When in Rome, IBM does as the Japanese do to turn out super-high quality AS/400s… Delighted to accept invitations for peeks behind the IBM-plant scenes in Mediterranean climes, IBM UK and a posse of journalists last week found themselves on the road to Santa Palomba. Carefully chosen to combine the financial benefits of building within government-incentivised zones, with access to Rome’s air, road, and rail links, the six-year old mid-range systems plant stands in 261 acres of prime Mezzogiorno land, some 15 miles south of the capital. Designed by Marco Zanuso to replace the nearby Pomezia operation and expand IBM’s European manufacturing activities, the plant resembles a futuristic castle; two bright blue turrets tower above grey outbuildings, which are surrounded, in turn, by a sea of small, gleaming Fiats. Santa Palomba now concentrates, along with the Vimercate plant, up north near Milan, on IBM’s AS/400 and 9370 offerings. It generated around $1,600m last year – some 60% of Italy’s information technology output, Olivetti inclusive, according to plant chief Giorgio Clara. 90% of combined Santa Palomba and Vimercate outputs serve IBM’s European, Middle Eastern and African markets, with sister plants catering for North America, South America and the Far East, located in Rochester, Minnesota and Guatemala. Clara paid tribute to the plant’s adoption of computer-integrated and continuous flow manufacturing strategies, pushed through some two years ago in response to a falling dollar and a simultaneous soar in European labour costs.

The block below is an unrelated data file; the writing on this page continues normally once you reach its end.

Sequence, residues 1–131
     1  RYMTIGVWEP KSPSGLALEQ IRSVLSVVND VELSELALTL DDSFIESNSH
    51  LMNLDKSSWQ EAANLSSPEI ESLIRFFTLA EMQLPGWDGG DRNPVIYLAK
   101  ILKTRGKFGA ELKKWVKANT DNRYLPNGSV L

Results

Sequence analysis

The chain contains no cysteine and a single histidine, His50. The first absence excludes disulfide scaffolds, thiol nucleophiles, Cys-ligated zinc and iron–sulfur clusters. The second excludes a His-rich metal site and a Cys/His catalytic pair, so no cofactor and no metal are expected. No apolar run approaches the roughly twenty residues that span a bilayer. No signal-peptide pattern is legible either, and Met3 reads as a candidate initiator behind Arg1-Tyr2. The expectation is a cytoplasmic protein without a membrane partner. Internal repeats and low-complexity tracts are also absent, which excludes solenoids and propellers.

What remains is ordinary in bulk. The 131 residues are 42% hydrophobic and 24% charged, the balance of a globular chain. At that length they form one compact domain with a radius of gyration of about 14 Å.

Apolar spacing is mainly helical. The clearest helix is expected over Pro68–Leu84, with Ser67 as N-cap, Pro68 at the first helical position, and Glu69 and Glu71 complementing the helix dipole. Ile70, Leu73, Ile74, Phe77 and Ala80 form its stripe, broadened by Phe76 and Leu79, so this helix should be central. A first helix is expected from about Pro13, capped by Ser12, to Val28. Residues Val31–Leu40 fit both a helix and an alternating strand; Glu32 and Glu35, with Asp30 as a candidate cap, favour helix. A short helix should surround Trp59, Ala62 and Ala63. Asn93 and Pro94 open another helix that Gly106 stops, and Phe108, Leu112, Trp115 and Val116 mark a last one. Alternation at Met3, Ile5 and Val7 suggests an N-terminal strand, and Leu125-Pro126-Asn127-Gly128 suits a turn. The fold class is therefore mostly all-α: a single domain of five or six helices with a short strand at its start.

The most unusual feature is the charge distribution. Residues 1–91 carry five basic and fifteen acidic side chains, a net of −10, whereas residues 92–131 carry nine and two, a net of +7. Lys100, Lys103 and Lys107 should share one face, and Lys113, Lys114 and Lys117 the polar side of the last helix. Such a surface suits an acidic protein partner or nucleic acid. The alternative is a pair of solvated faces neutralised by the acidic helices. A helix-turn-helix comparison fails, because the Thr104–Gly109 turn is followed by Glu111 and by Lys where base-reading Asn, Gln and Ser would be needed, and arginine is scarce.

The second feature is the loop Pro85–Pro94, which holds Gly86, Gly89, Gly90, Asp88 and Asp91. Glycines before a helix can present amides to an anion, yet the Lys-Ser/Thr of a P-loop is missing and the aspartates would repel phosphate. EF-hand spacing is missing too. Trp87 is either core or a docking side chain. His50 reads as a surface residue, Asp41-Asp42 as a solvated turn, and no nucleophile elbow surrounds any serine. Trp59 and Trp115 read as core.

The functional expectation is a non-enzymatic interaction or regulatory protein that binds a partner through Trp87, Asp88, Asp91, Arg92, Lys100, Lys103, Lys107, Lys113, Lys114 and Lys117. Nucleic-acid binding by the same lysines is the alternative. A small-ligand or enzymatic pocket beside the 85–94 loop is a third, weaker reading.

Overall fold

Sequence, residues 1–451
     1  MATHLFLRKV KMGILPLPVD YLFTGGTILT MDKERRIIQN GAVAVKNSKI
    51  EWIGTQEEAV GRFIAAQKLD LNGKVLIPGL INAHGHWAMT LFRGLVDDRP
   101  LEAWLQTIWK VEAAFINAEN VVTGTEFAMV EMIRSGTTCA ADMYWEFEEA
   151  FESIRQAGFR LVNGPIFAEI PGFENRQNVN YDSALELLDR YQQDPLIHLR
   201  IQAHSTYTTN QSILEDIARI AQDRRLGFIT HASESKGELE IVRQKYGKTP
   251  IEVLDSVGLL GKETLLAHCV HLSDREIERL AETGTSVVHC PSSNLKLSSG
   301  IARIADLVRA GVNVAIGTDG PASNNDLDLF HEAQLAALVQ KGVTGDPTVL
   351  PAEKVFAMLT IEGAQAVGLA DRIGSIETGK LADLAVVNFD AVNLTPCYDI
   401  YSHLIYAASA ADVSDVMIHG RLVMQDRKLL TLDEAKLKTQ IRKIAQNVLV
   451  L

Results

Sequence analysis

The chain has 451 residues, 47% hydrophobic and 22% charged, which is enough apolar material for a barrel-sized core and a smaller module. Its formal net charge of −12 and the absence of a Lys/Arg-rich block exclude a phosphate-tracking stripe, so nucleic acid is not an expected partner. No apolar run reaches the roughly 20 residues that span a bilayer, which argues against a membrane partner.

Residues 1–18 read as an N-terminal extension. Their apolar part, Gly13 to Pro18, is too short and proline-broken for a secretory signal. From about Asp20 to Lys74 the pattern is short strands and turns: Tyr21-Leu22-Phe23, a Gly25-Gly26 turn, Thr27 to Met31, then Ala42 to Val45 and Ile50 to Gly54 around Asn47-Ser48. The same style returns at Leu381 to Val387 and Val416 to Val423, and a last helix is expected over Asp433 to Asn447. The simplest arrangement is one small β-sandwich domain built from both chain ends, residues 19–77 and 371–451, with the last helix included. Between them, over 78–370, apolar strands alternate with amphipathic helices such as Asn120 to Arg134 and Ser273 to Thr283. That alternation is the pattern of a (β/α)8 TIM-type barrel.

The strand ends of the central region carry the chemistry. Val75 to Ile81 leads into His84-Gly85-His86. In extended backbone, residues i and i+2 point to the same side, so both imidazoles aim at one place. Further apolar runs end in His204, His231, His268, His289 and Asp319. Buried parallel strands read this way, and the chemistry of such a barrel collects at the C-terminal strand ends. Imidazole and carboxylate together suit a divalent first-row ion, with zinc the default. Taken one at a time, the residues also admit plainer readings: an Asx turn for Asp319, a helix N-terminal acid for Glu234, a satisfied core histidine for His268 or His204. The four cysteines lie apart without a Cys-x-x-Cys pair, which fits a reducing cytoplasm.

Zero defect target A third is quality control; quality costs money – but the cost of not doing quality is much higher Clara explained. In the drive to reach a zero defect target, Santa Palomba now relies upon five external suppliers – supplying between 10% and 15% of its parts – and continuous production line screening; Clara claims that 99% of machines currently shipped are defect free. Other notable feats over the last four years include a 30% reduction in production line and stores space, a 70% cut in operation records, and a 30% drop in the value of the line inventory. From a journalist’s perspective, however, the manufacturing miracle appears to provide both concrete grounds for question dodging, and a notable lack of any exciting on-the floor activity. Notions of full capacity become meaningless within a continuous flow environment, commented Clara, apparently unable to provide any answers to how-many-a-day-type questions, and willing to concede only that the complete manufacturing process for the AS/400 takes 1.6 days. At the moment, however, the plant is running 24 hours a day, with internal monitors showing that machines were reaching the shipping stage at a rate of three per hour. Meanwhile, designer bejeaned engineers tapped the keys and watched the screens of some 5,000 terminals – a far cry from the white-coated, heavily masked individuals performing intricate electrical stunts, now relegated to films, the imagination and the Clean Room. Occasional signs of life were glimpsed in passing fork-lift trucks, queues for the self-service espresso machine, and a room housing a number of telephones. Further enquiries revealed that this was the European 24-hour support line for the 9370; unfortunately, IBM found itself unable to comment on the number of calls it received on an average day.